According to the induced separation of the sternal halves, the difference in means of the measured phantom translations between the 4 separation points should approximate 1 mm in each of the three position groups (neutral, cranial tilt, caudal tilt). We evaluated the accuracy as the measured mean and standard deviation in each of the 3 position groups (neutral, cranial and caudal tilt) in order to show if 1 mm measurements were susceptible to variation in position of the sternum. We further evaluated the translation precision (mm) for each orthogonal axis as the combined mean difference (Meandiff) and SD of the mean differences (SDdiff) of the 3 phantom tilt positions and 4 sternal separations. The Meandiff express systematic errors and the SDdiff express the precision of the method. A low SDdiff show high precision.

Clinical study

This study was approved by The Central Denmark Regions Committee on Biomedical Research Ethics as it adheres to the Helsinki Declaration II, and all participants gave their informed consent to participate in this study with the intent to publish.

In the clinical study, approximately 10 tantalum beads (ø = 1 mm) were inserted with a bead gun (Wennbergs Finmek AB, Gunnilse, Sweden) in each sternal half during thoracic surgery. 6 weeks after surgery we recorded double-examination stereoradiographs in full inspiration and in full expiration of 7 sternotomized patients (n = 28 stereoradiographs). The clinical precision is presented for each orthogonal axis as the coefficient of repeatability (CR) = standard deviation of the mean differences × 1.96. The CR can be perceived as a detection limit for assessment of patient individual migration between th[5]e two sternal halves.

RSA set-up

To accurately calculate the positions of the tantalum beads in the saw bones we used a uniplanar focused-grid carbon calibration box (Box 24, Medis Specials, Leiden, the Netherlands) with calibration markers in two layers and film cassettes placed side by side under the calibration box. The calibration box was positioned underneath the x-ray table. The calibration box coordinate system defined the translations (mm) in the frontal plane (the x-axis and y-axis) and in the out-of-plane (the z-axis) (Fig. 1).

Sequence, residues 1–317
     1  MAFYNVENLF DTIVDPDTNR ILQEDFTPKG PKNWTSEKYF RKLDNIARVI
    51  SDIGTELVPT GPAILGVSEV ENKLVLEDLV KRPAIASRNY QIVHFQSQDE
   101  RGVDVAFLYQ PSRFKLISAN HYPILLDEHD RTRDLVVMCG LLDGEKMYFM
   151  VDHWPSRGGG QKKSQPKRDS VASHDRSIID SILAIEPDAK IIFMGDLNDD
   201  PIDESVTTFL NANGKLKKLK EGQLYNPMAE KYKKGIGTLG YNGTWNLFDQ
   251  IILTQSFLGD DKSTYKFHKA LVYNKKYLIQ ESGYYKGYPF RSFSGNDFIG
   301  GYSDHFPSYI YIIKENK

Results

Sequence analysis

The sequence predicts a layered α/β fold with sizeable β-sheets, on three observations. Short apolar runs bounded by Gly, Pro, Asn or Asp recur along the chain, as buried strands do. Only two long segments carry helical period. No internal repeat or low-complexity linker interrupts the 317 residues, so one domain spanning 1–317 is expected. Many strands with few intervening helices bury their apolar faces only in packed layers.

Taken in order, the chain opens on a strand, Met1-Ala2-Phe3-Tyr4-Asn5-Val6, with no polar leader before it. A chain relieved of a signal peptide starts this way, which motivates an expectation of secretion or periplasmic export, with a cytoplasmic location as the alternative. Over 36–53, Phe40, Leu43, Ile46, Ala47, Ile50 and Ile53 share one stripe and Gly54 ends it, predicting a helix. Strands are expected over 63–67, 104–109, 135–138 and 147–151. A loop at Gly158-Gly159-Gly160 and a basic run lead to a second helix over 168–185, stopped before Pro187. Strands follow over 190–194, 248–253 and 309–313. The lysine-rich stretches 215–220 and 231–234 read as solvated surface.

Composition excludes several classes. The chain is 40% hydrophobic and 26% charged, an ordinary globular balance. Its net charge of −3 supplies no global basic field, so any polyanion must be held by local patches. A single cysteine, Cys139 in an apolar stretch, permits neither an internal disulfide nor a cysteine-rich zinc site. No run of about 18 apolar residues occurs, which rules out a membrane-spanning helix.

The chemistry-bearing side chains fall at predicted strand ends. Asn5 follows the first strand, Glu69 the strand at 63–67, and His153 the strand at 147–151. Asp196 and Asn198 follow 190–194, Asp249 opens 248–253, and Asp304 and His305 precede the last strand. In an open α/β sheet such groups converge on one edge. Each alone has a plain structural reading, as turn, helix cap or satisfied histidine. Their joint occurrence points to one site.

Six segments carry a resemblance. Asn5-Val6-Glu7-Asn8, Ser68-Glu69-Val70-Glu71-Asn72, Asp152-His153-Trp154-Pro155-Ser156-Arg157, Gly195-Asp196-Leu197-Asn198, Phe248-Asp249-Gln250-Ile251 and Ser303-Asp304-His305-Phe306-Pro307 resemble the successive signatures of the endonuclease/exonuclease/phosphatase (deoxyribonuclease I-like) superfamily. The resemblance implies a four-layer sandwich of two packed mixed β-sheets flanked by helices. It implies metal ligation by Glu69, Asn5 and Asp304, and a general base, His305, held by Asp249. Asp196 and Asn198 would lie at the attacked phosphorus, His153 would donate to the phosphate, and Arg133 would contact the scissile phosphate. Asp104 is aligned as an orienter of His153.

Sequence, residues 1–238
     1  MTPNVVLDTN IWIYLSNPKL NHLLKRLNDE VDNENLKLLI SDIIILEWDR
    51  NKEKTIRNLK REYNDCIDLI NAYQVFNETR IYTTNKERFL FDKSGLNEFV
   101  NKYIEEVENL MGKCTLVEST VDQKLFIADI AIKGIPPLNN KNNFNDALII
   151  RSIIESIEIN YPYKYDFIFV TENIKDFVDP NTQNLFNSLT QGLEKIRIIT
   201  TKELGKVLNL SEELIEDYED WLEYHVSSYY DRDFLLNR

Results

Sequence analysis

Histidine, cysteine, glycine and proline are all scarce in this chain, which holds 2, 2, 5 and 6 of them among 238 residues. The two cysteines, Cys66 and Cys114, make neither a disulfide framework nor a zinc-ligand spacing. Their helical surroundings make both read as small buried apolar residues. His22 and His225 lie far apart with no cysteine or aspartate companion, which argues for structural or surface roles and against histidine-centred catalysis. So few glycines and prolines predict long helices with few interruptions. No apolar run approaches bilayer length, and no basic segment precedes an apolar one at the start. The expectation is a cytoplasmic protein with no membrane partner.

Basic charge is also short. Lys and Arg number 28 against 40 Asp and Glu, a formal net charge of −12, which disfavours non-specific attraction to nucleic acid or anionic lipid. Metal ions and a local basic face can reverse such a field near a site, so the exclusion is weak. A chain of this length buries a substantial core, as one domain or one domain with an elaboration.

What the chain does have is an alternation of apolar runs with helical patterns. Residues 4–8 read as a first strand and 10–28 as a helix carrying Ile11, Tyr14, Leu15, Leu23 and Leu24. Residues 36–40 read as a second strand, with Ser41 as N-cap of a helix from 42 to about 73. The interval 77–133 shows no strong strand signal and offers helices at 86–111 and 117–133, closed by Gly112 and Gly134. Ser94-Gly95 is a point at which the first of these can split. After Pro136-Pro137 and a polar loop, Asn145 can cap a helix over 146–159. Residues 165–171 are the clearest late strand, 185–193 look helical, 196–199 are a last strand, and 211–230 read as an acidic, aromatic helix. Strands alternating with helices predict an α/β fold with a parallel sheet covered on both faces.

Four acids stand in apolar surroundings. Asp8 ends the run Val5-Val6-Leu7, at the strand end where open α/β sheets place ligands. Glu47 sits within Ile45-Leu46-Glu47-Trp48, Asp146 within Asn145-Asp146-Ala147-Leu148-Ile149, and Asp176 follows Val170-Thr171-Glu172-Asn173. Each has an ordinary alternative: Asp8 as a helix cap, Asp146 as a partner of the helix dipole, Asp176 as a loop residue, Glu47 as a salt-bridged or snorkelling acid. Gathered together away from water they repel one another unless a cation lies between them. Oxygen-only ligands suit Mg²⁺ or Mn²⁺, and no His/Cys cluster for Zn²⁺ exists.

Fig. 1
Fig. 1

Schematic drawing of axes relating to the anatomy of the sternum

A standard RSA setup of two synchronized ceiling-fixed x-ray tubes (Arco-Ceil/Medira; Santax Medico, Aarhus, Denmark), angled toward each other at a 40° angle were used. All stereoradiographs were fully digitalized (FCR Profect CS; Fujifilm, Tvedbæk, Denmark) and were stored without compression. The stereoradiographs that we used for analysis were scaled to 2080 × 2529 pixels (grayscale BMP file-format).

Analysis of stereoradiographs

RSA analysis was carried out with model-based RSA 3.31 software (RSAcore, Leiden, The Netherlands) by one observer (RFV) and the software computed the relative sternal motion. The left sternal half was defined as a rigid body (fixed reference) and the right sternal half was defined as the migrating object (Fig. 2). Migration was measured between the 2 sternal halves with the phantoms in 3 different positions (neutral, and 15° cranial or caudal tilt) along the 3 orthogonal axes (x, y, and z-axis) at each of the 4 separation points (0, 1, 2 and 3 mm separation).
Fig. 2
Fig. 2

Photograph of the sternal sawbone after median sternotomy and with wire-cerclage placed in the custom-made fixture device

Statistics

The measured signed translations in the phantom study followed a Gaussian distribution, and therefore statistical comparisons of the means was done with Students paired ttest, and comparison of variations were performed with an f-test. The primary endpoint of the phantom and clinical study was precision of measured migration along the X-axis (frontal plane motion of the sternal halves).

Results

Phantom study

We found no systematic error with similar means (p > 0.3) between the three phantom positions (Table 1). The combined precision measure of 0.02 mm for assessment of sternal separation (x-axis) in the 3 positions and 4 distractions was very good (Table 1).
Table 1

Phantom precision

Phantom study

(n = 4 phantoms)

X-axis

(sternal separation)

Y-axis

(proximal-distal translation)

Z-axis

(anterior-posterior translation)

Sternum Meandiff (mm)

0.00

0.00

−0.07

SDdiff (mm)

0.02

0.04

0.31

The combined mean difference (Meandiff) and standard deviation of differences (SDdiff) for the 3 phantom tilt positions and 4 sternal separations of the 4 phantoms. The Meandiff express systematic errors and the SDdiff express the precision of the method

The accuracy for measurement of sternal separation (mean difference for the 3 positions on the x-axis) was − 0.13 mm, since the mean of 0.87 mm approximated the intended 1 mm separation of the jig. There was some underestimation (mean 0.47 mm) for the first separation interval (0–1 mm) and a slight overestimation (0.08 mm) for the two other separation intervals (1–2 mm, 2–3 mm) (Table 2).
Table 2

Phantom Accuracy

Phantom Position / Axes

X axis (sternal separation)

Mean (SD)

Y axis (proximal-distal translation)

Mean (SD)